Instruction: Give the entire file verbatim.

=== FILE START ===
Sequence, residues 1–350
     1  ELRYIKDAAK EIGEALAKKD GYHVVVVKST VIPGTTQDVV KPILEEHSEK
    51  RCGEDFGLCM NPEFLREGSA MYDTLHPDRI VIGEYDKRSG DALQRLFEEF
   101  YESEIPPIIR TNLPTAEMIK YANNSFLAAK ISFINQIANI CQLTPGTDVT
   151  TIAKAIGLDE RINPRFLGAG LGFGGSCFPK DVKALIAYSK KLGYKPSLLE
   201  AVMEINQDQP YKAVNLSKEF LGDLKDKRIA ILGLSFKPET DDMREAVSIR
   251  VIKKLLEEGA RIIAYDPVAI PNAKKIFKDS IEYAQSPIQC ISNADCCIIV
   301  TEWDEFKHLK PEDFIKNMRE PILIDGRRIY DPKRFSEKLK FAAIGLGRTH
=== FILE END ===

Sequence, residues 1–350
     1  ELRYIKDAAK EIGEALAKKD GYHVVVVKST VIPGTTQDVV KPILEEHSEK
    51  RCGEDFGLCM NPEFLREGSA MYDTLHPDRI VIGEYDKRSG DALQRLFEEF
   101  YESEIPPIIR TNLPTAEMIK YANNSFLAAK ISFINQIANI CQLTPGTDVT
   151  TIAKAIGLDE RINPRFLGAG LGFGGSCFPK DVKALIAYSK KLGYKPSLLE
   201  AVMEINQDQP YKAVNLSKEF LGDLKDKRIA ILGLSFKPET DDMREAVSIR
   251  VIKKLLEEGA RIIAYDPVAI PNAKKIFKDS IEYAQSPIQC ISNADCCIIV
   301  TEWDEFKHLK PEDFIKNMRE PILIDGRRIY DPKRFSEKLK FAAIGLGRTH